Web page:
Healthcare News & Insights

Cutting readmissions for one deadly condition

Doctor explaining to PatientBecause of high federal scrutiny, hospitals are looking to reduce readmissions rates for a number of conditions. New research gives insight as to how facilities can cut the rates for an illness with a high percentage of readmissions: sepsis.

According to a news release, a study from the University of Michigan compared the readmission rates of patients diagnosed with sepsis to those who went to the hospital for various other acute illnesses. After three months, the readmission rates for both groups stood at about 42%.

But the patients with sepsis were more likely to be readmitted due to conditions that could’ve been prevented with the proper follow-up care.

Monitoring risks

Some of the most common conditions that caused sepsis survivors to go back to the hospital included:

  • kidney failure
  • lung failure
  • infections (particularly of the lungs, skin and soft tissue), and
  • a second bout of sepsis.

After surviving sepsis, patients have different risk factors that could make them sick again, compared to those who are hospitalized for other illnesses. For example, sepsis often attacks vital organs such as the kidneys, which leaves patients vulnerable to kidney problems. In addition, swallowing problems due to breathing tubes could lead to post-discharge complications in patients.

If these risk factors are specifically addressed during follow-up appointments with primary care physicians and other specialists, sepsis patients could avoid many of these health issues.

However, they’re not always singled out for these patients. Reason: They’re not on the typical list of “ambulatory care sensitive” conditions, or conditions that are common in patients who’ve recently visited the hospital. Doctors are typically on the lookout for these conditions once patients are discharged.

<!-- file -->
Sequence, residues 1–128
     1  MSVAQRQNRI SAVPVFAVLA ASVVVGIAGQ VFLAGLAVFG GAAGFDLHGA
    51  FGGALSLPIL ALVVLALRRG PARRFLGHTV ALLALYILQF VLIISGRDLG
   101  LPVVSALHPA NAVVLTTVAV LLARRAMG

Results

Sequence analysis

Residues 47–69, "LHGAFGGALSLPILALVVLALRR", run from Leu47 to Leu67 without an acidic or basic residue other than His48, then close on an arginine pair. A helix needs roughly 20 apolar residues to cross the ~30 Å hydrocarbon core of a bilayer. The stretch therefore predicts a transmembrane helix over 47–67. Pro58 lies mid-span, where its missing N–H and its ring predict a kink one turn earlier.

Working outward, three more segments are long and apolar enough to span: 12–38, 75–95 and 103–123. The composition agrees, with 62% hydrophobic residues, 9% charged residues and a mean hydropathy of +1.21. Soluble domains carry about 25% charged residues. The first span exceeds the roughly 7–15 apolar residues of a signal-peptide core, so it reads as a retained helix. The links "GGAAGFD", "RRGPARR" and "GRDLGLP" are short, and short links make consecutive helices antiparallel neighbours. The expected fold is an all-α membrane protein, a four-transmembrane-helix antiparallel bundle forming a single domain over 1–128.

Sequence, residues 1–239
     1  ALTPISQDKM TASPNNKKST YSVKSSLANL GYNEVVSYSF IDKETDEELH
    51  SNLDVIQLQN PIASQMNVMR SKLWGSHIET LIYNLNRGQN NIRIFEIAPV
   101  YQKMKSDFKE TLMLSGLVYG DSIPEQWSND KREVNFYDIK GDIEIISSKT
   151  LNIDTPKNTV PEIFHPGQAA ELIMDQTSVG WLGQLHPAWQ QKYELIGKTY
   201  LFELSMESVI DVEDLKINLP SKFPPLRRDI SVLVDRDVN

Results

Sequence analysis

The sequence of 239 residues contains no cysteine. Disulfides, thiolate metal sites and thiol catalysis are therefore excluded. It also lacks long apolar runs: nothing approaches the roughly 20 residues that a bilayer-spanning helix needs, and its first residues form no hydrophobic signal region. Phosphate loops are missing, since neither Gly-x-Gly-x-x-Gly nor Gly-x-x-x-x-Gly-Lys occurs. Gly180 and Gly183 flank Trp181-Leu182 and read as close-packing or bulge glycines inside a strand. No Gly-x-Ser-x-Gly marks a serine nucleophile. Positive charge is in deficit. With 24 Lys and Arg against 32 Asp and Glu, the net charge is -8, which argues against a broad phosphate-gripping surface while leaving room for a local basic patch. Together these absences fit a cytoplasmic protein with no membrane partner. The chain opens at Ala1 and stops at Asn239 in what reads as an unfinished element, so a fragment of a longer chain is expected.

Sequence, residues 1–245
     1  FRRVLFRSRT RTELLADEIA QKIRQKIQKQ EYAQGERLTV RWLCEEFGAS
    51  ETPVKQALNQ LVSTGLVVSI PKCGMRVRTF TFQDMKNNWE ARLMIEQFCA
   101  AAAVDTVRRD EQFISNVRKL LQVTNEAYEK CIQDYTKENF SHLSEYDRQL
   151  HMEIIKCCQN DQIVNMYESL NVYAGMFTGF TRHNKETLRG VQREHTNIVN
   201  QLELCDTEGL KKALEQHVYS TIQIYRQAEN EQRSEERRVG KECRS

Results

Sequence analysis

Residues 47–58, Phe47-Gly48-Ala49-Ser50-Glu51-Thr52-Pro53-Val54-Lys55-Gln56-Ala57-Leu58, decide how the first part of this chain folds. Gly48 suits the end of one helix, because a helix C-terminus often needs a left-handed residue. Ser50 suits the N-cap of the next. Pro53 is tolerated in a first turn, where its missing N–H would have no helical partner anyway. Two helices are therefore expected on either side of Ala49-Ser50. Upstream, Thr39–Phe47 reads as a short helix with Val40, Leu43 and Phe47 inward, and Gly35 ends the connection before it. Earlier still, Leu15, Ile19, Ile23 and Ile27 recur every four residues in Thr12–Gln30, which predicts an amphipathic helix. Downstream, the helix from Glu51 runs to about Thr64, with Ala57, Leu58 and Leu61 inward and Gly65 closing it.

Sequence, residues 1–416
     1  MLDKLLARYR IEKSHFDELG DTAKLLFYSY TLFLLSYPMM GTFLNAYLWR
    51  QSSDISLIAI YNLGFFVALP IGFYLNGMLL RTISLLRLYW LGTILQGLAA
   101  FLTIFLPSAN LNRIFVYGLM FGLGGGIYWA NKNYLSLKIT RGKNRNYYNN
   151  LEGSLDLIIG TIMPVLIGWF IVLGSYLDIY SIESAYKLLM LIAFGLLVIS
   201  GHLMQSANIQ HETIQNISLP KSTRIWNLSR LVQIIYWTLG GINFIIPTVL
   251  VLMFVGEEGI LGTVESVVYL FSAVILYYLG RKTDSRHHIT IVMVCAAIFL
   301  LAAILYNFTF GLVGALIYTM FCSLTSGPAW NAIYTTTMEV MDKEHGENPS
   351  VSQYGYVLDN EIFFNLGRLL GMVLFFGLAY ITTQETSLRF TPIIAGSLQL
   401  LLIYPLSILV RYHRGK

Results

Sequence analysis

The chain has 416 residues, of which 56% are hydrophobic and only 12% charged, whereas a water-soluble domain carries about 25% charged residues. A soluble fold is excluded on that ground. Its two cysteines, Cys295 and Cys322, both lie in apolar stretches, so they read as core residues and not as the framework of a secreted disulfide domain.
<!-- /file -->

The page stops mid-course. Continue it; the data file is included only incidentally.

Because the risk factors for sepsis patients don’t appear on this list, they aren’t monitored as closely as they should be, and patients end up back in the hospital.

When putting together sepsis patients’ discharge plans, hospital staff should keep in mind the specific risk factors that can make patients sick again. Making sure that sepsis survivors are prescribed the correct medications and are counseled on best practices for recovery, including eating properly and watching for signs of infections, is key to the best outcomes.

And it’s also important to work with sepsis patients’ primary care providers and other outside specialists to make sure they receive the correct post-discharge monitoring. Example: Kidney function may need to be tested more often than normal to catch any developing signs of kidney failure.

How EHRs can help

Researchers suggest the best way for hospitals to get information about necessary follow ups across to the correct providers is to take advantage of their electronic health records (EHR) systems.

In an EHR, patients’ medical data isn’t just stored away in a file cabinet. It’s easily accessible and searchable. And with the right features, the information can be used to improve the outcomes of patients with sepsis.

By working with their EHR vendors and IT, hospitals can program their systems to “flag” certain signs and symptoms in sepsis patients. This can trigger reminders to encourage them to schedule follow-ups with specific providers post-discharge. That way, they can have their needs met by a provider who can best address them, which may not always be their primary care doctor.

Customizing your EHR like this isn’t just helpful for sepsis patients. The same principles can be applied to patients who have other serious conditions with high readmission rates, including heart disease. Programming your hospital’s EHR to recognize certain red flags that may harm a patient’s recovery, or require specific follow-up interventions, will keep those areas from falling through the cracks.

In time, data from EHRs could actually be used to create different ambulatory care sensitive condition lists for various illnesses. That would improve the continuum of care by making it easier for patients to see the appropriate provider once they’re discharged. Over time, this would potentially decrease readmission rates for all patients.

Given that potential, it may be wise to talk with IT and your EHR vendor to see if your current system has similar capabilities.

Many EHR systems are already programmed to highlight certain problems, such as issues with medications and potential allergic reactions. Find out if your system can take this a step further, and clearly identify comorbidities and other risk factors that may require the use of unconventional follow-up treatment for patients.

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